When we first arrived, we were whisked straight in and the first author, Caroline Lawrence, began her talk. I think all of us, teachers included, had expected a more interactive set up, and so we were concerned that the children wouldn’t sit still all day and engage. But the kids absolutely loved it all, and the authors each had such a different approach that they kept the children’s interest.

Caroline shared about her own background; her fascination with ancient Greece and Rome and how she came to write the Roman Mysteries, as well as her other work. Revealing a little of the story right at the start of the series and the historical aspects she interweaves through the books, her ancient ‘poo stick’ was the prop the kids found most interesting! They may not have known it, but she taught them a lot of history that day, including how communal toilets were set up! ;)

Caroline shared her secrets for crafting story plots.

After a quick break, and a chance for book signings (during which Caroline was flooded with children and teachers clutching books), the poet Joshua Seigal stepped up next. His slot was a mixture of poem reciting and interactive poetry. He had all the children and adults involved; at one point we helped him ‘write’ a poem (as he had multi-choice line endings – written in such a way, however, that we all fell for the endings that made for the funniest poem in the end). A real extrovert, he was hilarious and very engaging.

Lunchtime followed, and then we heard from SF Said. A much quieter, considered author, his passion for his subject still shone through. His emphasis was on getting the children to tell him what their dreams are; what their hopes for their careers are. And we soon learned why – he wanted to instil a sense of perseverance, of feeling like they could make their dreams happen whatever the cost. 

SF Said told the back story of how he became an author, which included his first book being rejected 90 times! That book, Varjak Paw, took 17 drafts until it was ready to be published – and it went on to win the Nestles Smarties book prize. He has taken between five and seven years to complete a novel. As an author, his talk was a real encouragement and inspiration to keep going, keep pressing on with what I feel I need to be writing about.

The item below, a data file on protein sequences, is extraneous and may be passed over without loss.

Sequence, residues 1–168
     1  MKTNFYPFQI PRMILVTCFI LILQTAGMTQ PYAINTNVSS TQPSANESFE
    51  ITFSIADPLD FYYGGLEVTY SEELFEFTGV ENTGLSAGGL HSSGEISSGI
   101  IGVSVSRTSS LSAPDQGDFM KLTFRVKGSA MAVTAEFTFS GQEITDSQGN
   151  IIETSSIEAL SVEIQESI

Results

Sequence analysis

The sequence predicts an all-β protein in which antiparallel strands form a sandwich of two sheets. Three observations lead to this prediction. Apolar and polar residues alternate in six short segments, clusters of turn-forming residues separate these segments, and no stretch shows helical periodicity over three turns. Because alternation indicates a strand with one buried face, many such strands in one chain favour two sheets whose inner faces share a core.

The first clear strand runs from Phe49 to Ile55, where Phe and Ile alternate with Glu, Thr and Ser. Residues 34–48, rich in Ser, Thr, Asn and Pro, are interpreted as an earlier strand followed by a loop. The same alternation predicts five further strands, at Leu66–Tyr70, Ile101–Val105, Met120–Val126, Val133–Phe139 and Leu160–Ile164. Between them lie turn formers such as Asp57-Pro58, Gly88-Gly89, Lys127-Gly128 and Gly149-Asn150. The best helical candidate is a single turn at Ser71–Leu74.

Each of the three authors was very different, and their allocated slots in front of the kids were too. I know that as writers we can often find it a big step to do talks in front of people (especially if we are introverts). And, while it is often rooted in a need for marketing, actually we need to remember it is so wonderful for people – kids especially – to meet authors. They come to recognise that we are just like them; simply with a passion for words and a perseverance to produce the works we do. Just coming face to face with a ‘real life’ author can inspire future generations to engage with writing – so many of the kids told SF Said they wanted to be writers just like him. 

So keep going – all of you, but, given the subject of this blog, particularly you children’s writers: I hope I’ve either given you a few ideas for your own author visits, by describing what these writers did, or provided you with the impetus to reach out to schools afresh in order to share your work directly with your audience. 

Claire is a freelance writer, speaker and editor, mum to two gorgeous children, pastor’s wife, worship leader and school governor. Her books include Taking off the mask: daring to be the person God created you to be, Cover to Cover: Ezekiel A prophet for all times, Cover to Cover: 1–3 John Walking in the truth, Cover to Cover: David A man after God's own heart, Insight Into Managing Conflict, Insight Into Self-acceptance and Insight Into Burnout. She also writes Bible study notes and magazine articles. To find out more about her, please visit and @CMusters on Twitter.